Diabetes can affect vision in many ways (changes in vision, double vision, diabetic retinopathy, etc.). It is necessary to have your eyes checked regularly to be able to treat the symptoms effectively.
1 million Canadians live with undiagnosed diabetes.
500,000 Canadians suffer from diabetic retinopathy.
Diabetes can cause changes in myopia, farsightedness or presbyopia. It also increases the risk of developing cataracts or glaucoma. However, diabetic retinopathy is the most common and serious eye condition associated with diabetes.
Some symptoms to watch out for:
- Blurred or fluctuating vision.
- Occasional double vision.
- Loss of visual field.
- Glare, flashes of light in the visual field.
- Appearances of floaters or holes in the visual field.
- Inability to distinguish colors.
- Loss of central vision.
According to the Canadian Diabetes Association, diabetic retinopathy affects 23% of people with type I diabetes and 14% of people with type II diabetes. This represents approximately 500,000 Canadians affected by diabetic retinopathy.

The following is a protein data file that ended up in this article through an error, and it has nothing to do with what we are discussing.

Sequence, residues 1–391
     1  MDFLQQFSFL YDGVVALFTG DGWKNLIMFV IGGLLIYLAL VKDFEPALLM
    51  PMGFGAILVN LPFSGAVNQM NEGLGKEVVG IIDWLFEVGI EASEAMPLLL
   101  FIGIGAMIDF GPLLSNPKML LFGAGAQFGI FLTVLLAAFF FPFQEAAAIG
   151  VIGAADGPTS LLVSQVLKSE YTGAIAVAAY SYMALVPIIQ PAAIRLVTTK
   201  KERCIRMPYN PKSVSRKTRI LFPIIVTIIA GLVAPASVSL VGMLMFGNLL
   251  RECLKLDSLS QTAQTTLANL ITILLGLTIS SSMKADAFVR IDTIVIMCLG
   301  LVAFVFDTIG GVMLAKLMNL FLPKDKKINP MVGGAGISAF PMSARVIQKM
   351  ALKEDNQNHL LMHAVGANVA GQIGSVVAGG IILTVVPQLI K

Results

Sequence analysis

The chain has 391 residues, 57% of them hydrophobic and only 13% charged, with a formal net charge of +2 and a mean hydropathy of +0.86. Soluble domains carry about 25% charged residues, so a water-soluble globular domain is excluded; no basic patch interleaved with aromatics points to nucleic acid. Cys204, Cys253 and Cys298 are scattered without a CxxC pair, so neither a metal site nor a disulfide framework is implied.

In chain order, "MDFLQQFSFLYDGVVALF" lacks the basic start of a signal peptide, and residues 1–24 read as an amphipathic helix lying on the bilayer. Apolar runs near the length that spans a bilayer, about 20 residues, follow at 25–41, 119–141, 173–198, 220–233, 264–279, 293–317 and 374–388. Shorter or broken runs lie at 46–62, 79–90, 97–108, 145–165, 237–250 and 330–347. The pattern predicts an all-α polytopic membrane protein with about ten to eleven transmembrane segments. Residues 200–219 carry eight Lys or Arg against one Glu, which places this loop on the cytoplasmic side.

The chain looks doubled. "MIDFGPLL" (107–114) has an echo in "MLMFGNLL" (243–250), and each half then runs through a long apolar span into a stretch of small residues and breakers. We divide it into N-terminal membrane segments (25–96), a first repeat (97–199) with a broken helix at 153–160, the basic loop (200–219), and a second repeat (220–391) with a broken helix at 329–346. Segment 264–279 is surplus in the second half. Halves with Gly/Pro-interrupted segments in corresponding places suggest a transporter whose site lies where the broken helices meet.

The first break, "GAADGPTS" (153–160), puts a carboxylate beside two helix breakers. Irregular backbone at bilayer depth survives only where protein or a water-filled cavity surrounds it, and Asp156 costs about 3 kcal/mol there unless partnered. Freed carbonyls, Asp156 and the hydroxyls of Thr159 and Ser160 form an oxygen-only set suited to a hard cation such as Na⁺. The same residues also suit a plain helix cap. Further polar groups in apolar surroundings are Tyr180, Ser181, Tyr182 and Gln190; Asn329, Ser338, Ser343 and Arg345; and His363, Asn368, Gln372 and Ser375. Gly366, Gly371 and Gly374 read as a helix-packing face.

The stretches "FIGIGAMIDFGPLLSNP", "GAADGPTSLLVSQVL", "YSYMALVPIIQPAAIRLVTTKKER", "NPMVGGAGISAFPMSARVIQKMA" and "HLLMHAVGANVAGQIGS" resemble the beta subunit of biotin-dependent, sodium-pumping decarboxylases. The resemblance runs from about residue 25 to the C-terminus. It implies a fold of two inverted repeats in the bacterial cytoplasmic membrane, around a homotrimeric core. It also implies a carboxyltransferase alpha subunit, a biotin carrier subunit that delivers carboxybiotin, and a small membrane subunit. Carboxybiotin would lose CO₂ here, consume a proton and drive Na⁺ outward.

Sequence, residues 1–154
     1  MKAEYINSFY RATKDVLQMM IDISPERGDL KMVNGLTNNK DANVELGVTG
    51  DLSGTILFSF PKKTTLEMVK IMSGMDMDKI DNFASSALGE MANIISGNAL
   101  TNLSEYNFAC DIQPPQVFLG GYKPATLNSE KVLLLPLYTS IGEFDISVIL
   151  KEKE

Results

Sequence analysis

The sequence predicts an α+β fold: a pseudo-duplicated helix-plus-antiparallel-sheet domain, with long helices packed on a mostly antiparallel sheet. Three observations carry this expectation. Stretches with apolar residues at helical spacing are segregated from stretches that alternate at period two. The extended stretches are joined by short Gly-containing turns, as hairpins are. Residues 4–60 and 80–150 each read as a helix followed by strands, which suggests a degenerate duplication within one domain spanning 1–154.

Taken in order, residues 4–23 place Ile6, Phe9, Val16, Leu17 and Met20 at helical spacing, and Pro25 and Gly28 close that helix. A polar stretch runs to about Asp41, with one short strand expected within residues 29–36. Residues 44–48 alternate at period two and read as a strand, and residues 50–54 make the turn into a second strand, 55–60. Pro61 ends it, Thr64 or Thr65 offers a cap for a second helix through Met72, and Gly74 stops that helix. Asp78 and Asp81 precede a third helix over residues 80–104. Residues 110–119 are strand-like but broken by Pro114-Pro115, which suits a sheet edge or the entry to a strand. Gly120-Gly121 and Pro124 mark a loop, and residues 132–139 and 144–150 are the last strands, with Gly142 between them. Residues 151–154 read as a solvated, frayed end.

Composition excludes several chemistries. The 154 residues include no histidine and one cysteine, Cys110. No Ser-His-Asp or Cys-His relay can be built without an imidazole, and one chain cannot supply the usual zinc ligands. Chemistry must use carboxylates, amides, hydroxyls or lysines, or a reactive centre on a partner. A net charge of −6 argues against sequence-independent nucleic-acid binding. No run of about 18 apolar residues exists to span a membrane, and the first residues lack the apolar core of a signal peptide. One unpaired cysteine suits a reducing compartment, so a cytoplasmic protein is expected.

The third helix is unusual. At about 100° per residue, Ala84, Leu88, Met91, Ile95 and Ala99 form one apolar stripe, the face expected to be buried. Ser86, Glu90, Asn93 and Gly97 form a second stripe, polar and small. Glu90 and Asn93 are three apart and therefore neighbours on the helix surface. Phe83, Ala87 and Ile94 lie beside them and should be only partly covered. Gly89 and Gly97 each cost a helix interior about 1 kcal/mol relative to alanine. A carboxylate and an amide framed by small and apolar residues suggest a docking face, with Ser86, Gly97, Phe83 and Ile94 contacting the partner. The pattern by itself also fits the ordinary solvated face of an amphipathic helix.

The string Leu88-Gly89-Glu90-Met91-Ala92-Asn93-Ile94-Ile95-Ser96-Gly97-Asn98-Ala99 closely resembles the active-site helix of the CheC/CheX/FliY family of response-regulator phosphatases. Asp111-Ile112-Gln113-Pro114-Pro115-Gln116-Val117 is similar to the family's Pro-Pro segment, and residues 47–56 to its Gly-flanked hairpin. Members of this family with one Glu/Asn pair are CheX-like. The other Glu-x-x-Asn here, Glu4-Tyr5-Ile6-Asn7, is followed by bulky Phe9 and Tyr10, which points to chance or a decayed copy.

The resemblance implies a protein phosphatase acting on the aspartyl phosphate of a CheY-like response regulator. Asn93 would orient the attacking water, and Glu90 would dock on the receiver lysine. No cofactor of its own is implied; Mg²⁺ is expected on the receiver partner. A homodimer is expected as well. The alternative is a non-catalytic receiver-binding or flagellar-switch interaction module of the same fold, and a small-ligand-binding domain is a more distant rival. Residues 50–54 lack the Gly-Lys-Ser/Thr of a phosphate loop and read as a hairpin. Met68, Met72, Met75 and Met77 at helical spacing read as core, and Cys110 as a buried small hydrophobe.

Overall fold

This disease due to diabetes, results from the weakening of the blood vessels of the retina. When blood sugar is too high for too long, it causes blockage of the blood vessels that keep the retina healthy.
Diabetic retinopathy can be asymptomatic or manifest as minor vision problems. It can also have more significant symptoms (cited above) and lead to blindness.
- Poor blood sugar control.
- High cholesterol level.
- High blood pressure.
- Duration of diabetes.
- Monitor and control diabetes.
- Check in with your doctor regularly and follow the guidelines for diet, exercise and your medication.
- Do eye exams according to the frequencies recommended by your optometrist or doctor.
A thorough eye examination performed by an optometrist can help detect diabetes early even before the disease is diagnosed. This reduces the risk of visual loss and decreases the risk of other diabetes-related complications such as heart disease and kidney failure.
In the early stage of diabetic retinopathy, blood sugar and blood pressure monitoring is recommended.
When the disease progresses, your doctor may prescribe injections, or laser treatment, or surgery.
The earlier the disease is detected, the easier it is to treat it and limit its progression, hence the importance of frequent visits to your doctor and optometrist.